Skidmore Owings and Merrill’s Columbus newspaper building gets landmark status
Earlier this month the US Department of the Interior named 27 new national landmarks. One of them, The Republic, a modern building in Columbus, Indiana designed by American architect and SOM Partner Myron Goldsmith as a newspaper plant in 1969-71 was on the list.
Goldsmith was an undergraduate at the Illinois Institute of Technology (IIT) where he first met and later worked with Mies van der Rohe, most notably on the Farnsworth House. From Mies he developed an interest in structural expression and evolved a spare design language. The Republic was one those buildings, with its simple steel supports that recall Mies’s spare industrial buildings.
The single-story glass and steel building still serves as offices for the Columbus-based newspaper, The Republic, one of the oldest family-owned newspapers in the US, with the publication dating back to 1872. In a 1986 interview with Betty J. Blum for the Art Institute of Chicago’s 'Chicago Architects Oral History Project', Goldsmith recalled: "It’s a very nice small building....very reasonable, very pleasant...in a small town." Despite his modesty, Goldsmith saw the qualities that led to the building’s current recognition: “It has a certain timeless quality, I think they’ll be good for a long time...It won’t date, I think not.”
Located on Columbus’ County Courthouse Square, the building’s crisp modern form symbolizes the company’s role in the community and the strict functional requirements necessary to produce a daily newspaper. Originally, the printing press was painted bright yellow and clearly displayed behind the 15ft-tall glass exterior - raising its role from mere machine to that of functional art. Most of the newspapers functions - including administration, accounting, cafeteria, editorial, advertising, press and composing rooms - were located along the building’s perimeter and open to public view. SOM's design included the interiors, whose components were designed to be flexible.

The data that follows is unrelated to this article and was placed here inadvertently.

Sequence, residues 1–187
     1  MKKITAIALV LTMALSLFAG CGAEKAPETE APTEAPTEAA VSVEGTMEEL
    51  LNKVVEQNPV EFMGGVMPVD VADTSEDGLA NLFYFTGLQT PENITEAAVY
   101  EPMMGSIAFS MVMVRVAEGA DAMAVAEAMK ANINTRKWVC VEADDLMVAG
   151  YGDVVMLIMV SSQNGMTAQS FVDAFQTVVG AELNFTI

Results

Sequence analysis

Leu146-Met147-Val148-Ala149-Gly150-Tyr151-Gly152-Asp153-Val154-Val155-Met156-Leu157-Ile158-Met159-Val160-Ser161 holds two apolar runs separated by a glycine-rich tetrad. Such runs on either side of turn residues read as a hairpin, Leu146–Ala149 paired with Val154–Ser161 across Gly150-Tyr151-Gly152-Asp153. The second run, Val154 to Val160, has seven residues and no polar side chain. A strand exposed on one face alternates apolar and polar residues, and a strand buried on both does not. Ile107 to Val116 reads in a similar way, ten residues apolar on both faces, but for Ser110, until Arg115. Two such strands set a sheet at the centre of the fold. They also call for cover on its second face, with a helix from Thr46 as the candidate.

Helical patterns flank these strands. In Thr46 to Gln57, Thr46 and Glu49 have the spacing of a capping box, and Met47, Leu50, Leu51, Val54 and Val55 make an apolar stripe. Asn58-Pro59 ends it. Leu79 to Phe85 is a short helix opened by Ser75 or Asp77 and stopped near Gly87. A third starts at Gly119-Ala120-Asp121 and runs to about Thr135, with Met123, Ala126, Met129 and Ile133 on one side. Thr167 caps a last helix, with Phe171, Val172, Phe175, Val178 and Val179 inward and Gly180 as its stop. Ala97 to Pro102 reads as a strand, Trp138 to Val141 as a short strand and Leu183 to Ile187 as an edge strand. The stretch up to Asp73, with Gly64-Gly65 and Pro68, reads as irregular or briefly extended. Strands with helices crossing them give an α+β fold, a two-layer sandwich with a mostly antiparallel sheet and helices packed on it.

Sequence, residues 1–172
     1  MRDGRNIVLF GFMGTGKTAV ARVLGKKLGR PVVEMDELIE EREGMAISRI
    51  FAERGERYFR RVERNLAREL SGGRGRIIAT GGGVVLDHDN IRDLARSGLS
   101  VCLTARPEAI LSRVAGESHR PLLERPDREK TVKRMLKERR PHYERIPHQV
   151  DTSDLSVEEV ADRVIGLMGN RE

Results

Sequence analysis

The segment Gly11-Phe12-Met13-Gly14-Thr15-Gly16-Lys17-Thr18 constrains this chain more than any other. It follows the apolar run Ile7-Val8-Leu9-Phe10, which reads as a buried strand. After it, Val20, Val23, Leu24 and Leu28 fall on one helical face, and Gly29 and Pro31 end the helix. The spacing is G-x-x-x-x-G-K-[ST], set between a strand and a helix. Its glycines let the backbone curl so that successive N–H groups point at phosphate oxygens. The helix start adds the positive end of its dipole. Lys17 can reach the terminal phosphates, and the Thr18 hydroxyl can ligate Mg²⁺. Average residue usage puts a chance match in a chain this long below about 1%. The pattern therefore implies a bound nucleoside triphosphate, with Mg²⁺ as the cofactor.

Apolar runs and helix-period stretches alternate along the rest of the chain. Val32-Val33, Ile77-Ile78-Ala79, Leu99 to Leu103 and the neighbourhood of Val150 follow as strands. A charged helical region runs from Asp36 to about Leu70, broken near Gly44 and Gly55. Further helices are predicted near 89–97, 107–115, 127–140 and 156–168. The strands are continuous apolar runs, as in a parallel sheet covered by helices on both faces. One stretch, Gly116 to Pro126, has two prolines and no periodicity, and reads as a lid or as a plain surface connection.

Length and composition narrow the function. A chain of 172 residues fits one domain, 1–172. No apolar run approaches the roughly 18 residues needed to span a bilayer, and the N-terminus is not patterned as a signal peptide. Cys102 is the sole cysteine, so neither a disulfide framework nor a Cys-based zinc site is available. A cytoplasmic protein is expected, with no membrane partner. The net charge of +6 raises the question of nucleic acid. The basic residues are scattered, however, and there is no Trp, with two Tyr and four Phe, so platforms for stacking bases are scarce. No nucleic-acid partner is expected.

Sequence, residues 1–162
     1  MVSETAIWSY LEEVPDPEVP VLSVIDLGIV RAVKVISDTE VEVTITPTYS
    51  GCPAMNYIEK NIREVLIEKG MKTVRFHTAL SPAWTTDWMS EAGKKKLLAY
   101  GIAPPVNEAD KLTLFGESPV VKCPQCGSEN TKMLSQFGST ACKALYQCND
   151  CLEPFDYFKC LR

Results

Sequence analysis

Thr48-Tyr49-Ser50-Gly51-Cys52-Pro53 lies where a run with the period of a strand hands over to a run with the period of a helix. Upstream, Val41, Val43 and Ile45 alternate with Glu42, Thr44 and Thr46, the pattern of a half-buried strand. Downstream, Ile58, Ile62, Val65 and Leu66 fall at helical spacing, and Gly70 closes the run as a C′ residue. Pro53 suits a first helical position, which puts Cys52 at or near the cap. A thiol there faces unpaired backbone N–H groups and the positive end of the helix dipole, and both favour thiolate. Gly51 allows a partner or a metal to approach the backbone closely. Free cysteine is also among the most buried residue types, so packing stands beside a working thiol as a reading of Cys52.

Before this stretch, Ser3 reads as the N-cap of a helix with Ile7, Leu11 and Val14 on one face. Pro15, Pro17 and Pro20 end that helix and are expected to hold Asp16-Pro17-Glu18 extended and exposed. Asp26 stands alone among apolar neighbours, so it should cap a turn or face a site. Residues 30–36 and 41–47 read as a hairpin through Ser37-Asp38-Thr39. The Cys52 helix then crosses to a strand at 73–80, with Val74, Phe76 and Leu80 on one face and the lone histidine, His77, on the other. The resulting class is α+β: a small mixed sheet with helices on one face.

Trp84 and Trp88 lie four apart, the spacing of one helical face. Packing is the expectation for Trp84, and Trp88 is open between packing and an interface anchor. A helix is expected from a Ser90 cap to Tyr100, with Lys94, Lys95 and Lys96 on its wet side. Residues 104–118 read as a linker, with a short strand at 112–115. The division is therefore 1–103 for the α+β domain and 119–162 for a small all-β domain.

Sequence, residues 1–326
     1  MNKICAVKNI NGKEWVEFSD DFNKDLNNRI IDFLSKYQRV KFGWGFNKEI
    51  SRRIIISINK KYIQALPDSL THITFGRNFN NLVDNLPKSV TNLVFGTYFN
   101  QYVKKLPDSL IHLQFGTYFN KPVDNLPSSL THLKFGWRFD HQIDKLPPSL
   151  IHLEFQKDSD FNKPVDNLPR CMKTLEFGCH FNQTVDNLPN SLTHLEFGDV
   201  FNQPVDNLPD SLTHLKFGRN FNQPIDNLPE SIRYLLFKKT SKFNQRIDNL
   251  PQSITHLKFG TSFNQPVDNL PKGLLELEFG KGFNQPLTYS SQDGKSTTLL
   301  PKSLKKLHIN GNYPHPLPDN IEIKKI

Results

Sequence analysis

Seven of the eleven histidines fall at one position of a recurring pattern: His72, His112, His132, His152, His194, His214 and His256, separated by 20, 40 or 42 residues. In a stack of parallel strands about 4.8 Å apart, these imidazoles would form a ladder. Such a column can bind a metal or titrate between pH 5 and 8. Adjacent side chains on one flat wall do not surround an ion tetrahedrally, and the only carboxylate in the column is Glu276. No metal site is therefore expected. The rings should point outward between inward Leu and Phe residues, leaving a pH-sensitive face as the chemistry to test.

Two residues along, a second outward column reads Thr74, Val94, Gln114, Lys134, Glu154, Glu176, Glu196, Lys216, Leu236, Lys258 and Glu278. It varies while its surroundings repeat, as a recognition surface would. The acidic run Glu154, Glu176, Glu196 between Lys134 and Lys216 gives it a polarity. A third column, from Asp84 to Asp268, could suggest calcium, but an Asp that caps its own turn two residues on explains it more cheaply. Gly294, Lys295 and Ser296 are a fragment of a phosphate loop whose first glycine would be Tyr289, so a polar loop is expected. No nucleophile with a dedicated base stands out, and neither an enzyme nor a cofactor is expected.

SOM’s Structural Engineering Partner William F. Baker, who worked with Goldsmith early in his career, called the Republic 'a seminal work whose clarity of form is elegant, economic and appropriate to its use and civic function'.
Fewer than 2,600 places have been designated as National Historic Landmarks. Columbus, Indiana has long been known for its modern architecture. A town of 44,000, it is home to six other National Historic Landmarks representing the work of Eliel and Eero Saarinen, Dan Kiley, John Carl Warnecke and Harry Weese.